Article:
The Other Fall TV Preview

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George Bush heads to his West Texas ranch tonight for the final stages of his debate preparation. His first turn behind the mock podium was last June at his family's estate on Walker's Point in Maine. He was joined there, as he will be this weekend, by Senator Judd Gregg of New Hampshire, who plays Al Gore. Jim Lehrer is played by media adviser Stuart Stevens, who has sharpened his skills by watching tapes of the PBS news anchor. The governor will practice in his "gym," a freestanding dwelling with bunk beds, exercise equipment and small kitchen. The room is so small, aides will sit on the floor. The podium will be exactly 48 inches, to match the one being used at the three debates, and tonight's practice will be held at 9 p.m. eastern to simulate the actual time next Tuesday's Boston debate will take place. There is some concern about the evening hour of the performance, since the governor usually hits the sack each night at 9:30.

In the walk-up to the debate, the campaign's communications director, Karen Hughes, was working furiously to lower expectations. "I don't think, if you asked him to list his best skills, debating would be on the top of the list," she said of Bush. And of Gore? "The best debater in the known universe," was how one reporter listening to her characterization put it.

A video clip of a Gore debate making its way through the e-mail system at Bush's Austin headquarters gives you a sense of how the team sizes up its opponent. "I have never said anything I knew to be untrue," says Gore as he defends himself against Bill Bradley's claim that he has distorted his health care plan. "I have never said anything that is untrue." The boast is a vexing reminder that the Bush campaign, like Bradley's, has been unable to make Gore's credibility an issue. But it is also a claim they hope to make Gore defend and the second half of the clip shows why it is so necessary for Bush to make Gore's credibility an issue. In the debate, Gore dismantles Bradley's health care plan in such a powerful way that the senator can barely respond. A broad attack on Gore's credibility helps water down whatever charges the Bush team expects him to make about the governor's Texas record or his plans for privatizing Social Security.

In addition to attacking Gore's credibility, Bush this week went after his opponent as a symbol of the Democratic party of the past. Whenever Al Gore has tried to distance himself from President Clinton, his opponent has been right there with a tube of epoxy. "We don't want another four more years of Clinton/Gore," George Bush says in a typical remark repeated at almost every stop. So it was a moment for a little head-scratching in Green Bay, Wisc., Thursday when the Texas governor said that he should be elected because Al Gore wasn't enough like Bill Clinton. "The vice president was seated right behind Bill Clinton at the State of the Union when the President declared: "The era of big government is over," said Bush recalling Clinton's famous 1996 pledge. "Apparently, the message never took."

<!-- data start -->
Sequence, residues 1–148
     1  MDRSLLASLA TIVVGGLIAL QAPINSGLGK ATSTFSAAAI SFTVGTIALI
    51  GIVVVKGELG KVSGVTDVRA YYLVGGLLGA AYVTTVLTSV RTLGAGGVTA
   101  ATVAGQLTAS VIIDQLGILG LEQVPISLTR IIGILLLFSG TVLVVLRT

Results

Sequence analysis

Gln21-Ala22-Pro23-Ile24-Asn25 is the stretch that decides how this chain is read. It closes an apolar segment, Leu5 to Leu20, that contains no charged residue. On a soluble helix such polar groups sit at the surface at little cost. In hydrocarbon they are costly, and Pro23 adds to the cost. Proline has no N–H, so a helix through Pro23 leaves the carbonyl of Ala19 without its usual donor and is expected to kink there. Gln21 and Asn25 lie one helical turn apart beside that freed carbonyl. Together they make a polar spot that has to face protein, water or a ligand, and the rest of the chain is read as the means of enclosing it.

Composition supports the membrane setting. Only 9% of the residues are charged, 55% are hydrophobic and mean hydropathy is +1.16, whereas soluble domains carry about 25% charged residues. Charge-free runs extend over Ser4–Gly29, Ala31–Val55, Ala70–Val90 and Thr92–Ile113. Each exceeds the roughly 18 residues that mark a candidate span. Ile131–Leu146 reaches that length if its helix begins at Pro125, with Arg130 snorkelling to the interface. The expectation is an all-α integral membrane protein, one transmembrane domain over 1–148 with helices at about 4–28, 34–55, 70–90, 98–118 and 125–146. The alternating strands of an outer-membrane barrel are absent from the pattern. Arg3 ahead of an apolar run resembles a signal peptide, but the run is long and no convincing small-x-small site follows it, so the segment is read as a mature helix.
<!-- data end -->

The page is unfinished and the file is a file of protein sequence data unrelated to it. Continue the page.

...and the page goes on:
Making the case for change in an era of prosperity requires a complex argument, and this may be one of Bush's most nuanced yet. In the wake of Tuesday's news about a record annual budget surplus, the governor pressed the case that Al Gore couldn't be trusted to keep the good times rolling. Arguing that Gore blows the bank with his spending promises, W. resurrected the same liberal ghosts that his father used so successfully to haunt Michael Dukakis in the 1988 presidential race. Though he didn't use the word "liberal," Bush said the vice president represented "the old ways of tax and spend," and sketched a Gore world where a tax collector stooped under every stairway and the gargantuan federal government would awaken and slouch toward your hometown. "For him big government has never really been dead," said Bush. "It has simply been biding its time, waiting for its next chance.... If Gore gets elected, the era of big government being over is over. And so too, I fear, is our prosperity."

By leaping over the Clinton presidency of the last eight years and accepting his language about the era of big government, Bush seemed to be tacitly endorsing the Clinton reign. "My opponent has left the vital center of American politics," Bush said as if the current situation — against which he often rails — represented that vital center. So much — for the moment, anyway — for bashing the way things are done in Washington.

Standing in front of a backdrop of blue-uniformed workers Thursday at a food packaging plant, Bush delivered his speech and took questions in his shirtsleeves. It was chilly in Wisconsin but Bush was trying to look a little more informal and accessible. He used to gig Al Gore for fishing around too much in the wardrobe closet, but as he tweaked his own uniform he was also copying Gore in other ways, by showing himself to be a tireless advocate for the working man. Describing the tax advantages that his plan would bring to the Tank family sitting in the front row, Bush grew increasingly animated. "When you hear the talk about the rich and the powerful, I want you all to remember the Tanks," he said before announcing the roughly $1,800 more dollars the family would reap under his plan. "Now you tell me who stands on the side of the working families."